It is difficult to talk about the future of the finance industry without distinguishing time frames. In the short term, the abundance of liquidity, low interest rates, low commodity prices and increased global competition require banks to continue soul searching: what are we going to do where? Tough choices have already been made, are currently being made and will continue to be made in this time frame. Which attributes constitute a competitive advantage that allows banks to escape the arena of commoditised products where margin pressure requires large volumes to compensate set-up costs?
In the medium term, most commoditised products, like payments, transfers and simple loans will be processed by companies outside the traditional banking industry, some of them Fintech companies, but perhaps the more important competitors for retail banks will be large online retailers which will integrate banking services in their retail value chain.
In the long term the distinguishing factor for banks will be the quality of their advice and the ease of doing business with them (location, network, channel integration). Most products and services will be automated or operated outside the traditional finance industry. In my view banks will become smaller in terms of balance sheet and number of employees, more specialised and more event driven.
Evidently, the industry today is surrounded with risks and a plethora of opportunities, what do you think are the things that present and future CFOs need to explore?
Present and future CFOs have more data available to them than previously. Not only data collected within their own businesses, but also data from competitors, potential clients or best practices from completely different industries. There is a wealth of data to explore. The combination of advanced data analytics and machine learning (A.I.) could give insight in business opportunities. Machine learning could help CFOs to only analyse data pairs for which the correlation actually makes sense. Because at the same time there is a risk that CFOs drown in this sea of data.
For those aspiring to become CFOs, what are the fundamentals associated with such role as well as pieces of advice and realisations that you can share with them?
Aspiring CFOs should have the independence and courage to say no to a business proposition but at the same time aspiring CFOs should have a certain level of entrepreneurship in their DNA that encourages them to take calculated risks and be a critical best friend for their business stakeholders. Aspiring CFOs should also understand that their role will become much more human resources oriented as they will manage a more diverse finance team in the future. The CFO will most likely not be the best accountant and a CPA qualification alone is no guarantee to become CFO. This means that there will be more competition from disciplines outside the Finance domain for the CFO role. In terms of skills, aspiring CFOs should hone their influencing skills. If no action is taken on an otherwise good financial analysis, the finance function has still not accomplished its mission.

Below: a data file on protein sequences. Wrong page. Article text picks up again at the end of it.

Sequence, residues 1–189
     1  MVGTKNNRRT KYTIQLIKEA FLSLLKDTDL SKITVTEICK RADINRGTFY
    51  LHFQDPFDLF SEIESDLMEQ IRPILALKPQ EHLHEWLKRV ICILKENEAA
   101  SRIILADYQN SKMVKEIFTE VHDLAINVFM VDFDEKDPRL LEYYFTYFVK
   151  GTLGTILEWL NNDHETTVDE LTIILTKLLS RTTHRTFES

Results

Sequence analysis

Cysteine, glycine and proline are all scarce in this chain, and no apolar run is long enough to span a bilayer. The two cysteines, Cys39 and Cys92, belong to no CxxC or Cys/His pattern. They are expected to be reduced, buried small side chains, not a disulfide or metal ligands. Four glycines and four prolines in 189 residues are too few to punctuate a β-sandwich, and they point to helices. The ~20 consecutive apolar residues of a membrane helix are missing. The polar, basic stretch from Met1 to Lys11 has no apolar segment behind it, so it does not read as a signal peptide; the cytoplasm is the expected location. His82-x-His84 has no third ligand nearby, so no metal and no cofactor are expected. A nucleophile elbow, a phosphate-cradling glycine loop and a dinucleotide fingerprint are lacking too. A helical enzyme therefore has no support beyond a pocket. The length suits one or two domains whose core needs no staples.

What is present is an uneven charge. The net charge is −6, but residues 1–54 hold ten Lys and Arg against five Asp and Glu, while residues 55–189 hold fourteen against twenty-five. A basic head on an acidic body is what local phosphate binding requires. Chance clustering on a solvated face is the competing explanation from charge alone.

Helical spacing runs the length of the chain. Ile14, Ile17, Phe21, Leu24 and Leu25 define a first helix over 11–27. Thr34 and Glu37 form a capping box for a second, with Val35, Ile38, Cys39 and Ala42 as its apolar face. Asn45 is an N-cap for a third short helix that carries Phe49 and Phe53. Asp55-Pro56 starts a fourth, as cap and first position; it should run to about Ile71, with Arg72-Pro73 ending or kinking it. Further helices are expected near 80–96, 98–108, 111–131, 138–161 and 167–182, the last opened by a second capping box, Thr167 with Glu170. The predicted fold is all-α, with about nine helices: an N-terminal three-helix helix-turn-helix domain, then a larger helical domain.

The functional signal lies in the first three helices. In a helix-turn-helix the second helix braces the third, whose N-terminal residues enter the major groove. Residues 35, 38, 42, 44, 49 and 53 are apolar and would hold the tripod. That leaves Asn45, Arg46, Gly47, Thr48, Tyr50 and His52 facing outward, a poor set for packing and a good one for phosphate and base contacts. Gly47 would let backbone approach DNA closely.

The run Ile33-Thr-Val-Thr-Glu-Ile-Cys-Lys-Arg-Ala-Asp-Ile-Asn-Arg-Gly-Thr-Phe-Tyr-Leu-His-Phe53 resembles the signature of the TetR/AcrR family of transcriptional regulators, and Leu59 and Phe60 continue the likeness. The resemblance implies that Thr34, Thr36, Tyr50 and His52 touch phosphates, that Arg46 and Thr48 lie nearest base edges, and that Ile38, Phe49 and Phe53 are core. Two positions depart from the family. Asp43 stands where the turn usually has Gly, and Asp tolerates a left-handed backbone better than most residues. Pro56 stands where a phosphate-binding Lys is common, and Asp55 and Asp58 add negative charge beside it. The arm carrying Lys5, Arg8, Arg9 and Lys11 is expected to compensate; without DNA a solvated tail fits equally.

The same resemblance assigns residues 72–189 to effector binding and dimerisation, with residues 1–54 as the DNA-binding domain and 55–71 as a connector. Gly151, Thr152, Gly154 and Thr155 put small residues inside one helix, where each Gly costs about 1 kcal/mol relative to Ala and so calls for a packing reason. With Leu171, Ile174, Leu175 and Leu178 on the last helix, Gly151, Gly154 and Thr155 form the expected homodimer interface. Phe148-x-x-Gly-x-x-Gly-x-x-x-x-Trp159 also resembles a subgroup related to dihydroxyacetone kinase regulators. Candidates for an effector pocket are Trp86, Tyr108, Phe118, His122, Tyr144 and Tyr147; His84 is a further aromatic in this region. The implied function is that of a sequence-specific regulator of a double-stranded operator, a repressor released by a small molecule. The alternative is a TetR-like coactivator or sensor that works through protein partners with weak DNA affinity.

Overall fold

There can be a lot of pressure when leading your company towards the attainment of your financial objectives, how do you make sure that you maintain a healthy lifestyle, both in your professional and personal life? What’s your daily grind?
I notice that going to the gym in the morning makes a positive difference for me during the day. I feel more energised and return home with energy left. It only takes me one hour, so I try to do this on Monday, Wednesday and Friday. During the weekend we often explore Hong Kong’s great hiking routes.
Sports help to be fit and at the same time it is important to sharpen the mind to be future-proof. Frequently ask yourself the question: “What have I learned today?”
We all have our own motivations, who/what is the particular person, thing or words of wisdom that keep you going?
What keeps me going is teamwork. I get a lot of energy from a strong team spirit. If there is so much trust within the team that disappointments are overcome without playing the blame game and successes are shared, I am at my best. Therefore team building and team member selection are important for me.
In reference to your career journey, what’s the secret to one’s success in this industry?
There is no golden bullet for success in this industry and eventually you need some luck to be at the right time at the right place with the right background and skills. Nevertheless, I believe that there are several factors that will most likely contribute. First of all I believe it is useful to have experience in different industries, like manufacturing, retail and auditing. It’s interesting to see how the best practices from one industry are very useable in another industry.
Secondly, I would recommend to everybody who has the ambition to become a CFO in a MNC to experience living abroad for a while. It’s a great exercise in flexibility and a good test for your assumptions and prejudices.
Thirdly, I believe that future CFOs will have experience outside the finance domain. Operations, Risk Management or Treasury are interesting areas for any future CFO. I also believe that a good business school will broaden your view and enable you to engage in meaningful discussions about business and strategy.
Finally, what I would recommend to any aspiring CFO is to never stop learning, to have an open mind and the courage to ask the “WHY?” question frequently. Why are we doing this?
Thank you very much Niels for sharing with us your invaluable insights.
About the Interviewee
Niels Boudeling is CFO Asia for Rabobank, a large cooperative bank with its roots in The Netherlands. Responsible for finance, control and taxation in Hong Kong, Singapore, Mumbai, Shanghai and Jakarta Niels is constantly searching for the right balance between commercial opportunities, risks and efficiency.
Before joining Rabobank, Niels worked at Cartier, MontBlanc, FootLocker and Paxar in the UK, Switzerland and Germany in variety of CFO and Senior Finance Managers roles. He started his career in 1981 as an Auditor for KPMG in the Netherlands.
Niels holds a Master of Science in Accountancy from Nyenrode University, an executive Master in Finance and Control from Maastricht University, an MBA from RSM/Erasmus University and is a Registered Controller.